Tag Archives: social psychology

Quote for the Day – The Lake Wobegon Effect – We Are All Above-Average

When drivers rated their ability behind the wheel, about three-quarters thought they were better than average. Strangely, those who had been in an auto accident were more likely to rate themselves as better drivers than did those who driving record was accident-free.

Even stranger: In general, most people rate themselves as being less likely than others to overrate their abilities. These inflated self-ratings reflect the ‘better-than-average’ effect, which has been found for just about any positive trait, from competence and creativity to friendliness and honesty.

~ Daniel Goleman, Focus: The Hidden Driver of Excellence (2013), p. 74

See: http://en.wikipedia.org/wiki/Illusory_superiority

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Filed under Books, Psychology

Book notice: Daniel Gilbert’s Stumbling on Happiness

This is the kind of popular psych tome that journalists wish they had the scholarly knowledge to write but can’t and the kind of scholarly book that psychologists wish they had the wisdom and wit to write but don’t. Gilbert is easy to read, hilarious, insightful, and generally sounds like the kind of person you’d like to either take a class or drink beer with. Scientific yet down-to-earth, Gilbert guides the reader through exciting psychological research in the social sciences while sharing analogies from his own, often funny and relatable life experience . Did I mention this book is full of wisdom? It’d be easy to dismiss Stumbling on Happiness as just another pop psych book reporting on the newest glut of psych experiments, but it’s so much more than you’d expect from the New York Times Best-seller Title © and dust-jacket blurbs. A rare gem. 5/5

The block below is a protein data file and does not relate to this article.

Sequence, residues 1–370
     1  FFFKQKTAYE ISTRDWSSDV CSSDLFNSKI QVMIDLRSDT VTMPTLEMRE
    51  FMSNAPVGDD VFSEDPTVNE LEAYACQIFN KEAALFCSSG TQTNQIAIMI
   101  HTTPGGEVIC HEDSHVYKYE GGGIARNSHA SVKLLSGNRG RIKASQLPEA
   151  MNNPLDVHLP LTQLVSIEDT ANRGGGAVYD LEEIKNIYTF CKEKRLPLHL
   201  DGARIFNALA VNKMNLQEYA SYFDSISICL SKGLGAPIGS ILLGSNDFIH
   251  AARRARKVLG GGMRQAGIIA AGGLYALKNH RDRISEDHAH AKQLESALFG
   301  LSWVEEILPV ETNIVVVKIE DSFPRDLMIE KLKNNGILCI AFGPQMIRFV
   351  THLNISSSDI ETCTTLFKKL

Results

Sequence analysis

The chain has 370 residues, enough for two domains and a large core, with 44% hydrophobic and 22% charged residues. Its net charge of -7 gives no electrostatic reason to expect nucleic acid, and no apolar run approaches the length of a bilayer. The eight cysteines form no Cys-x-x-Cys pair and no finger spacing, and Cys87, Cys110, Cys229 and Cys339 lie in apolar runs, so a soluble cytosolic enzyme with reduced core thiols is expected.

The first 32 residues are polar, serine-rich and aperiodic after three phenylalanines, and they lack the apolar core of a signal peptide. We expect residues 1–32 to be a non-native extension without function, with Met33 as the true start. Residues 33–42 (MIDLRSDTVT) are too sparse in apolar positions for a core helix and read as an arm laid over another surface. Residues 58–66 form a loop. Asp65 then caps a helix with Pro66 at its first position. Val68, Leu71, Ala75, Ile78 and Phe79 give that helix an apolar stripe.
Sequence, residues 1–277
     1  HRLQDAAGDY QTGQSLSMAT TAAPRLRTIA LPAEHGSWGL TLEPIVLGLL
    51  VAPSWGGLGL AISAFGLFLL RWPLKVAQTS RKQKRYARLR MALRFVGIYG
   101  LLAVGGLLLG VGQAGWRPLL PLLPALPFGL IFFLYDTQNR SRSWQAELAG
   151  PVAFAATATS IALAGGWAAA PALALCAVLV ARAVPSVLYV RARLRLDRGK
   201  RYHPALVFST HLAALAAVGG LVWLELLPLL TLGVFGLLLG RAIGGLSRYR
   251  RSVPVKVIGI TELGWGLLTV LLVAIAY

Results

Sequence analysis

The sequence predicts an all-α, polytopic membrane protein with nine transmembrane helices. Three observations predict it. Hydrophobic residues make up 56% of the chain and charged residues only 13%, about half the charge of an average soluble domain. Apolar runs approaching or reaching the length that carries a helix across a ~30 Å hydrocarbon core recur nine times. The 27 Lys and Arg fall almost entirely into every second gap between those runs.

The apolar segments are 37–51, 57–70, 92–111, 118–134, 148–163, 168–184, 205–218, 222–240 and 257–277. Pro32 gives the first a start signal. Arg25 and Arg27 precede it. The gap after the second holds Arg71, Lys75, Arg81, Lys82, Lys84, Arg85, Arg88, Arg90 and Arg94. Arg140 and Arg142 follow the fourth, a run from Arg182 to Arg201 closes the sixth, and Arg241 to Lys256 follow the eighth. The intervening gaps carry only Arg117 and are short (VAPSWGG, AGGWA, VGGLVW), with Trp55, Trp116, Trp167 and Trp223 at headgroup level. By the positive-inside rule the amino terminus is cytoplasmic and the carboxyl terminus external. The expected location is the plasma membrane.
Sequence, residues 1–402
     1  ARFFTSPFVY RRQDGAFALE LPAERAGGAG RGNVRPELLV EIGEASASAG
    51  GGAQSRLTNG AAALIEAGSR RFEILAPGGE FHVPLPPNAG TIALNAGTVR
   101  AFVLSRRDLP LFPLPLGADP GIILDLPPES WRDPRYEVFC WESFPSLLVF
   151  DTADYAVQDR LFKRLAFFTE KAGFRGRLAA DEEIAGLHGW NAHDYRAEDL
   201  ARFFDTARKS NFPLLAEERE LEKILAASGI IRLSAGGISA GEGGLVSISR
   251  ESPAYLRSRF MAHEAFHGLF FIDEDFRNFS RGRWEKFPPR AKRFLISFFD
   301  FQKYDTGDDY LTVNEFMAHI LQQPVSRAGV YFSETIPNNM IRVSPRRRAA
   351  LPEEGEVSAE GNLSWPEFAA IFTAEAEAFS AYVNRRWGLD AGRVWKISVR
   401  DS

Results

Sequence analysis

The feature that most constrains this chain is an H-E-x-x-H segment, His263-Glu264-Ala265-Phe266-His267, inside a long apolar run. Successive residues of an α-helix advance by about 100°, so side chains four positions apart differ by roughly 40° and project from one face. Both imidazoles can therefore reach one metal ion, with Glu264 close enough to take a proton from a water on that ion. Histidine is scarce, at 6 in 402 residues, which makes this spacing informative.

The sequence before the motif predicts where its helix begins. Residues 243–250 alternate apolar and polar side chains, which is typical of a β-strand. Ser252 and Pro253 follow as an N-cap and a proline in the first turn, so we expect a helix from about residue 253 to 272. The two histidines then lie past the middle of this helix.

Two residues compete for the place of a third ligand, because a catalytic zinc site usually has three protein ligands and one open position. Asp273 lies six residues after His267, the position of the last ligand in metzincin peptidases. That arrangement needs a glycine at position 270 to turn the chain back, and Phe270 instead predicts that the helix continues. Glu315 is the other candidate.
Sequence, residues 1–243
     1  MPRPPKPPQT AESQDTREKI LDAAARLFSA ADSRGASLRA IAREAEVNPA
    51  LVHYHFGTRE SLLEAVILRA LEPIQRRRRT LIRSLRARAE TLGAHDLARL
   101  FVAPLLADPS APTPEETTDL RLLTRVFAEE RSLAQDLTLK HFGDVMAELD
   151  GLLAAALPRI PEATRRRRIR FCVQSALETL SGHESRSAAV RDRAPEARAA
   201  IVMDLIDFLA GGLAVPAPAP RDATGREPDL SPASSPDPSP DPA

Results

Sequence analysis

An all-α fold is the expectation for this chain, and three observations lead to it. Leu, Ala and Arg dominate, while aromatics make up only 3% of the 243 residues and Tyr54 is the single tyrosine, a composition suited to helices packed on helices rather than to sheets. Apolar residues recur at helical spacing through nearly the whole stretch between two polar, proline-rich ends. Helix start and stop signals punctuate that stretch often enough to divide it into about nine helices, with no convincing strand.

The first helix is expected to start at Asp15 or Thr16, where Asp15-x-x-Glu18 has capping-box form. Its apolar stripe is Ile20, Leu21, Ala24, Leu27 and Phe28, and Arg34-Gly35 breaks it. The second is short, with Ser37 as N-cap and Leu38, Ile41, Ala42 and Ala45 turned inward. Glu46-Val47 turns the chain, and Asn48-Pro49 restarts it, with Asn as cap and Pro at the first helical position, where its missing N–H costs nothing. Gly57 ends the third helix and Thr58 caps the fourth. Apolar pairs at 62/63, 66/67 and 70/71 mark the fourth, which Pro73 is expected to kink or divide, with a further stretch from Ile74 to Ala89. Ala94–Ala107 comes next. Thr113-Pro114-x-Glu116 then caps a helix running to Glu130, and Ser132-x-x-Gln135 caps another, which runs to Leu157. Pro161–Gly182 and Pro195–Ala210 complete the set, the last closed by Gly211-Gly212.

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Quote of the Day – The Power and Limit of Introspection

Introspection is not fully inept. People do know the contents of their minds. That is, they do know what they think, what their attitudes are, what their emotions are. Introspection works fine as a way of knowing what the current contents of one’s mind are. But people do not know how they arrived at those contents. A sincere answer to ‘What are you feeling right now?” is likely to be accurate, whereas a sincere answer to ‘Why do you feel that way?” is much less reliable.

~Roy Baumeister, The Cultural Animal, p. 220-221

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Filed under Consciousness, Psychology